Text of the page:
Often times during the Hiatus, Trey cited his fans’ increasing emphasis on song requests as a major reason the group needed a break. “People started caring more about what we were playing, instead of how we were playing it,” he often said. With this phrase in mind, it makes sense that Phish chose this unsuspecting night to offer a second encore. In their minds’, it is equal, collective group interplay, not a brevy of spectacles, that warrants additional set times and potential curfew breaks.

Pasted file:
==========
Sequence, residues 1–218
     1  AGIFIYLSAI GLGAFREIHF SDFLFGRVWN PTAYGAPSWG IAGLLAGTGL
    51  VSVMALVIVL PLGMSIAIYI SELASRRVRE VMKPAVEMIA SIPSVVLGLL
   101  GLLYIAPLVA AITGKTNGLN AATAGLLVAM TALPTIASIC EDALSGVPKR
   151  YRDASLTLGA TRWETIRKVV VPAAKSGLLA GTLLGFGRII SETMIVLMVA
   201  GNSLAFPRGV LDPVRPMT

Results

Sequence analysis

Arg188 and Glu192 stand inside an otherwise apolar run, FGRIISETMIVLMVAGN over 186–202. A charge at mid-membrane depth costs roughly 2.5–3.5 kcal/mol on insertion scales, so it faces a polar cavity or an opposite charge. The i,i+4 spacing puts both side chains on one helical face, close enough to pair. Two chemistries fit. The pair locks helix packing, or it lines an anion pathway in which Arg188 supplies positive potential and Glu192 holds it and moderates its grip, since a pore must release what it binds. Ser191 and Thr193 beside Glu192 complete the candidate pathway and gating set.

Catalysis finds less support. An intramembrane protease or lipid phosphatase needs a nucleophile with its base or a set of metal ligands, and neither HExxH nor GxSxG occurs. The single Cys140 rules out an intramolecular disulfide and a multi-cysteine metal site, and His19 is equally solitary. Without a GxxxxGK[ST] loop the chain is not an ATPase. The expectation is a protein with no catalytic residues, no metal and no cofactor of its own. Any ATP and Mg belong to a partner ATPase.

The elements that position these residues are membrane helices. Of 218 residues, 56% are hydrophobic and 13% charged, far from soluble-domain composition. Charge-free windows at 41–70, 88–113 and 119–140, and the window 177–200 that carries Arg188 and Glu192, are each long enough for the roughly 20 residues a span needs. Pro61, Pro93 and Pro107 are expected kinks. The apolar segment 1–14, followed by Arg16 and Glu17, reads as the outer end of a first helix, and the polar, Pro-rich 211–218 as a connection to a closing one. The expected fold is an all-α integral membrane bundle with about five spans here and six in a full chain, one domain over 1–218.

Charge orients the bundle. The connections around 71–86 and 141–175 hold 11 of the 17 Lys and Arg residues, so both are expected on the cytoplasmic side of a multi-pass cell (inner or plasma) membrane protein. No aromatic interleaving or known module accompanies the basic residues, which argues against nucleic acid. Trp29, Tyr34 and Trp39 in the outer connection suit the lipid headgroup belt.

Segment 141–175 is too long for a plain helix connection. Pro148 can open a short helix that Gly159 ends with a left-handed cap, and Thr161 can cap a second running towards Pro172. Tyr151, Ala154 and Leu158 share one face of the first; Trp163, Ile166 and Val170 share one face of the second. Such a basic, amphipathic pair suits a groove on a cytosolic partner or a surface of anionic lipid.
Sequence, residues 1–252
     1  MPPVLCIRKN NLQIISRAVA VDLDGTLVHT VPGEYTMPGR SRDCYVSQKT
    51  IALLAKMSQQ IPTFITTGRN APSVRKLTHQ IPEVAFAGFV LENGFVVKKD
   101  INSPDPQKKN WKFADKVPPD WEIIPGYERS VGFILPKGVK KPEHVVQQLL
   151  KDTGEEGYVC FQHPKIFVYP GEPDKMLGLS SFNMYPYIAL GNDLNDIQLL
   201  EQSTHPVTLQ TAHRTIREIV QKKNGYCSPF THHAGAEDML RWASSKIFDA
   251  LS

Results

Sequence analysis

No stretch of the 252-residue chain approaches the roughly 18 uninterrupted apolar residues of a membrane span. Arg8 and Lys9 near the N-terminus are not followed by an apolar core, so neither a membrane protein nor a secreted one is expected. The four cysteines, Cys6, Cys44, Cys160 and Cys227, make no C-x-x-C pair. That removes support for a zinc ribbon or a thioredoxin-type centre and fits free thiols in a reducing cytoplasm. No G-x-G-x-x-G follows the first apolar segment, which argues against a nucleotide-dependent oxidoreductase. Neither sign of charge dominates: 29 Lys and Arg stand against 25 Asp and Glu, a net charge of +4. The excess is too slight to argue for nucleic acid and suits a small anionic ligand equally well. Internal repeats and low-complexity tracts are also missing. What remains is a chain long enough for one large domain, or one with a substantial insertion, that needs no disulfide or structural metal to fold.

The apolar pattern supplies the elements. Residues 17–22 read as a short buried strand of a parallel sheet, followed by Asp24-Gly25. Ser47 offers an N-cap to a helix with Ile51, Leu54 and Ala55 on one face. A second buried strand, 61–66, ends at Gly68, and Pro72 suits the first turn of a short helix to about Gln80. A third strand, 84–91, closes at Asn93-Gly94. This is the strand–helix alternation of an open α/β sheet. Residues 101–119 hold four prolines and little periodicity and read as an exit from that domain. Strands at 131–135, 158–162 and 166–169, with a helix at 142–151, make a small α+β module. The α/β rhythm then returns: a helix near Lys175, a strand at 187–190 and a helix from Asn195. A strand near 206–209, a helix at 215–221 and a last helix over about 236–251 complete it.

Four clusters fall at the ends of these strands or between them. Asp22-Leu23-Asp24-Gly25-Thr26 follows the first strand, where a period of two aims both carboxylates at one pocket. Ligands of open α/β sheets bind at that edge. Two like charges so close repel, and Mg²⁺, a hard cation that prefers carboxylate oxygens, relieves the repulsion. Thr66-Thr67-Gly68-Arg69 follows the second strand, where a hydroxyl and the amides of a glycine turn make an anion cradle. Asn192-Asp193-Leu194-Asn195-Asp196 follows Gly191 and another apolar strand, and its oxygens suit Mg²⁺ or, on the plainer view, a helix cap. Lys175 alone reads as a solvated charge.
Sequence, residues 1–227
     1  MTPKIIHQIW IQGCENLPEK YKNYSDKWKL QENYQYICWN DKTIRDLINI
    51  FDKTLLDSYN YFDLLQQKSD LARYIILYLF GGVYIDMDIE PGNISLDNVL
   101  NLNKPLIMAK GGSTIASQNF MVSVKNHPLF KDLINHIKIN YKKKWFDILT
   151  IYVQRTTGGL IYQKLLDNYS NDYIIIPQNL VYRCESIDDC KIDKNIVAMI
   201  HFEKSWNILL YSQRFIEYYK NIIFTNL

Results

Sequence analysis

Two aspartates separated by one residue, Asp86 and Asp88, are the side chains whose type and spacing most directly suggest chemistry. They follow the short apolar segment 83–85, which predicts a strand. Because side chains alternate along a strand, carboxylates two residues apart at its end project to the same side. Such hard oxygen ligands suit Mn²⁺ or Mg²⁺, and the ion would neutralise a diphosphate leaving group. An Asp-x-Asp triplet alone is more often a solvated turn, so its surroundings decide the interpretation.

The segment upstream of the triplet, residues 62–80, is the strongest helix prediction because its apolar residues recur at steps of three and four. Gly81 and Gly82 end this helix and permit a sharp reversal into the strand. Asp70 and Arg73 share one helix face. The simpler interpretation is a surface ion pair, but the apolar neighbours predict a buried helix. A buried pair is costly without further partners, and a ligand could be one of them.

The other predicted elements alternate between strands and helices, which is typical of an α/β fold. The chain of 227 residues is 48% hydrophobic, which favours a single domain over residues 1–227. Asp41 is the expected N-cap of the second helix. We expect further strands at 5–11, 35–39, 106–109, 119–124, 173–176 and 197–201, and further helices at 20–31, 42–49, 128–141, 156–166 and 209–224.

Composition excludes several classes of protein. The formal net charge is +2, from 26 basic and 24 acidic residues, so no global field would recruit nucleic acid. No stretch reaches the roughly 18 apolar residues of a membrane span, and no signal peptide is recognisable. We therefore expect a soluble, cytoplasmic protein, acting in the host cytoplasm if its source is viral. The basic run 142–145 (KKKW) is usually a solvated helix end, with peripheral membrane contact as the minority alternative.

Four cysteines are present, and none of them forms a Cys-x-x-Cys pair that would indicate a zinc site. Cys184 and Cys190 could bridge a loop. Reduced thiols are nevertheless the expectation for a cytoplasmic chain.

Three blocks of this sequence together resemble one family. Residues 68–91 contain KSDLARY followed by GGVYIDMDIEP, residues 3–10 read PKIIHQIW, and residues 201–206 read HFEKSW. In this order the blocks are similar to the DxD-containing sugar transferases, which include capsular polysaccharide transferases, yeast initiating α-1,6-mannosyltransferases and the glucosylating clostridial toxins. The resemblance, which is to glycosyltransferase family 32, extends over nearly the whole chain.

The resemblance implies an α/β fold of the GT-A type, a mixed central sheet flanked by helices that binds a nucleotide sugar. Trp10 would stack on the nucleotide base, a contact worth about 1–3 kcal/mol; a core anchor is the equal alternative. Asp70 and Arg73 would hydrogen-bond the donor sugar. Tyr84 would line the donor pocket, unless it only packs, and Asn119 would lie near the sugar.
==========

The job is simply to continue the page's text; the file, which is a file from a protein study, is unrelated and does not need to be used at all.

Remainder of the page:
For a ballad, “Waste” is a controversial song. Some people feel its chorus, “come waste your time with me,” is Phish’s way of telling fans not to blindly follow their tongue-in-cheek fantasy tour. Others feel it is the group’s most loving lullaby. No matter what connotation this number has had in the past, when placed next to the crowd’s most victorious noise creation, “Waste” didn’t seem cynical. It seemed symbolic. From “Divided Sky’s” silent jam to “Limb By Limb’s” drum outro, Phish were on this night in Miami and decided to celebrate with “Squirming Coil,” a lengthy gentle jam that left all in attendance with a good taste in their mouth, Phish included.